Tanzania Humanitarian Situation Report, December 2016 (covering October – November)

from UN Children's Fund
Published on 31 Dec 2016


  • The rate of refugee arrivals per day from both Burundi and DRC remained the same as last reporting period with influxes ranging between 250 and 776 per day. Lack of a fourth camp location continues to overstretch the three established camps.

  • Prevention and rapid response to cholera cases outside the camps has stemmed further spread.

  • Much needed school supplies have arrived and plans to hold national exams in the camps are underway.


Key Figures

191,626 New refugee arrivals from Burundi and DRC (plus births) since May 2015 (UNHCR 27 November 2016)

253,384 Total refugees in Tanzania from Burundi and DRC - combined old and new caseloads (UNHCR 27 November 2016)

109,161 Refugee children (0 – 17 years of age) (UNHCR 27 November 2016)

Situation Overview and Humanitarian Needs

During October and November, 21,624 new refugees from Burundi and DRC crossed into Tanzania. This is similar to the influx rate during August and September. However, preliminary figures from December indicate the rate of increase has further slowed during the holiday period. Nonetheless, the daily flow of refugees places a constant strain on already overstretched resources. All three refugee camps are beyond their intended capacity and the delays in finding a suitable fourth camp site is leading to overcrowding and stretching of resources, particularly for water and space for temporary schools. The decision to place all new refugee arrivals in Nduta camp means the camp is being rapidly expanded, including into areas where topography and geology is not ideal for digging of latrines and drainage.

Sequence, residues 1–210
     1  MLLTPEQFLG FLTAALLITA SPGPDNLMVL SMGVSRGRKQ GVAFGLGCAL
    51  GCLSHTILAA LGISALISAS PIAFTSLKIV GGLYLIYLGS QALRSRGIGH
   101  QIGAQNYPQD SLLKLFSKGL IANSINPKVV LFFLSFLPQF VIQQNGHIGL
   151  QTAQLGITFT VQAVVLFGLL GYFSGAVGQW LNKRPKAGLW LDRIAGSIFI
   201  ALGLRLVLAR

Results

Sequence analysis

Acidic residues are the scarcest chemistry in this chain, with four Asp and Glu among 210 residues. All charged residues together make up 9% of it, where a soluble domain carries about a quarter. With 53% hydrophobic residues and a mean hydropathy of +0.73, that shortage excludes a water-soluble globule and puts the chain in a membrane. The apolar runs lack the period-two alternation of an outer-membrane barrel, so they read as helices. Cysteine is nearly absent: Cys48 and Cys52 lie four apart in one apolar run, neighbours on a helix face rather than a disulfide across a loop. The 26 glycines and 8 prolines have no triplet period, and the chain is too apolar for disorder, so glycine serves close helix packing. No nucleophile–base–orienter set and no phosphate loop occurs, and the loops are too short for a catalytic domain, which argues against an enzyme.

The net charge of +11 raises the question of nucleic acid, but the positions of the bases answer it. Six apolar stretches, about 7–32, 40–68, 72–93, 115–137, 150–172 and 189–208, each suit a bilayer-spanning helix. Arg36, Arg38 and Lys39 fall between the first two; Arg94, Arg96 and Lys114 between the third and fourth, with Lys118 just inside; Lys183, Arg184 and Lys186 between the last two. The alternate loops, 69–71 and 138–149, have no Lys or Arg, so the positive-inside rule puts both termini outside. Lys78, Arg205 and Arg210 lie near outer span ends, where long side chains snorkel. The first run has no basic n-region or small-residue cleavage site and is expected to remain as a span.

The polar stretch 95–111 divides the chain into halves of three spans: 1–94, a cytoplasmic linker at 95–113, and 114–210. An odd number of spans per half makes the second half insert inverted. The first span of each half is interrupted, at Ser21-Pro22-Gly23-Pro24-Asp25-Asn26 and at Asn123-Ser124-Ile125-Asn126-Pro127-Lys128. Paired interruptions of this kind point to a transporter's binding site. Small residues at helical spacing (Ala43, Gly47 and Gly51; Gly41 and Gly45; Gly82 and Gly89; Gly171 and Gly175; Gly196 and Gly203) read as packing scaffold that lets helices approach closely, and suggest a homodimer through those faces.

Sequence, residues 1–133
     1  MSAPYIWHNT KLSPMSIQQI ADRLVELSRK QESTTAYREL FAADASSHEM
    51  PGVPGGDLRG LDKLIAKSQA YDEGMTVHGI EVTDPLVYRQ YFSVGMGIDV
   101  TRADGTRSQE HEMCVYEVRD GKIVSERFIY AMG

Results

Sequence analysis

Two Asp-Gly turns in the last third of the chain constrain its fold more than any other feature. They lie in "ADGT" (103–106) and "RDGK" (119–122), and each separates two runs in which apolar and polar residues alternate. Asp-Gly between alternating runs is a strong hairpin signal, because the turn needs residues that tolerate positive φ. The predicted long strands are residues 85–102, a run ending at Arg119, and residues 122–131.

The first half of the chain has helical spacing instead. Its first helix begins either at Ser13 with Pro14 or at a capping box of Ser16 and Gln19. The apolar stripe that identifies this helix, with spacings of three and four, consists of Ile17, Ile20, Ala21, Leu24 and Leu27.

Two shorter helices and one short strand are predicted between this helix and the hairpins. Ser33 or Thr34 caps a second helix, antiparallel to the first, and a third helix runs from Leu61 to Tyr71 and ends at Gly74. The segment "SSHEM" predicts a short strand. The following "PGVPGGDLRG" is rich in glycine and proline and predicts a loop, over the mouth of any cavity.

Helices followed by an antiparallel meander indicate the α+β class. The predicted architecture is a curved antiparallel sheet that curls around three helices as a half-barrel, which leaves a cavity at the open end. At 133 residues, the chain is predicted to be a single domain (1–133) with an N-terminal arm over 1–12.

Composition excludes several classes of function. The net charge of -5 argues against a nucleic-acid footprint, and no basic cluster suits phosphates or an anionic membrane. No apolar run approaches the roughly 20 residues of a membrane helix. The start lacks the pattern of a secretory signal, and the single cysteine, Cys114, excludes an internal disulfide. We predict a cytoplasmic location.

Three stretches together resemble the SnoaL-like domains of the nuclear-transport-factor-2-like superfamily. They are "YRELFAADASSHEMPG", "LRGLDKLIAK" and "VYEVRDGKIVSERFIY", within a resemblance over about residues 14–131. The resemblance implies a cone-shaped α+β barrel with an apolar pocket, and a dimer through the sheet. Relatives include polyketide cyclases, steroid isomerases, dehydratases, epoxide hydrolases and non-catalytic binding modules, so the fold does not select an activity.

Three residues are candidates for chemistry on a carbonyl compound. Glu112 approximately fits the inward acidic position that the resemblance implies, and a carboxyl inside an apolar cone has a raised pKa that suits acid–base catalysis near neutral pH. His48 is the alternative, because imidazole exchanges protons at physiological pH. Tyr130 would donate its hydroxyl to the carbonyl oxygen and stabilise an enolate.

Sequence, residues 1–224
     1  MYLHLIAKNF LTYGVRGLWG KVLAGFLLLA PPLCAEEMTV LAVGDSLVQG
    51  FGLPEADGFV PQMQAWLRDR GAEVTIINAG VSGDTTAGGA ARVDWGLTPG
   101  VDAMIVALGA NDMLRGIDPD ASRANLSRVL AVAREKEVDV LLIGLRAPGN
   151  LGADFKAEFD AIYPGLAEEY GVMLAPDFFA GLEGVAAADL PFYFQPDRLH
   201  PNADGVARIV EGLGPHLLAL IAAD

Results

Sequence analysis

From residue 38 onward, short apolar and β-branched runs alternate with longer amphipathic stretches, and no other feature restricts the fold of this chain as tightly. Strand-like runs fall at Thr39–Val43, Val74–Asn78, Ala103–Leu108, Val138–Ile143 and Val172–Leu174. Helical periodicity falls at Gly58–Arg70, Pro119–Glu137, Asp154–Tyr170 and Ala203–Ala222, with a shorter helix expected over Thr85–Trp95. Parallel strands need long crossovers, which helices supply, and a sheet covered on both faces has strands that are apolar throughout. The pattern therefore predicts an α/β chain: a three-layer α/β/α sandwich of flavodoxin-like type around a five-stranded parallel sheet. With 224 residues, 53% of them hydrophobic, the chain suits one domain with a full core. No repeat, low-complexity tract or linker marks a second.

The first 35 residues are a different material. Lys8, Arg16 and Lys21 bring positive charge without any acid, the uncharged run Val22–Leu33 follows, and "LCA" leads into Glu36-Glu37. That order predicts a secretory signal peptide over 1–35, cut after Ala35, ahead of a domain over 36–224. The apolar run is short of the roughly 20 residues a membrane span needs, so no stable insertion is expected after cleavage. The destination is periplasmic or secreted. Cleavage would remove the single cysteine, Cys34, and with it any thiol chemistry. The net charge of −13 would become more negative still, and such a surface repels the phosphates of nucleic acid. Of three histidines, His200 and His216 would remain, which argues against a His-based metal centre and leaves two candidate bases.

The refugee population is young with children comprising 57% of the population and children under five comprising one-fifth of the entire population of new arrivals. Even without new refugee arrivals, the population continues to grow with 5,523 babies born in the camps in the past 21 months. This young population requires shelter, food, health care, safe water and sanitation, protection, schools and recreation.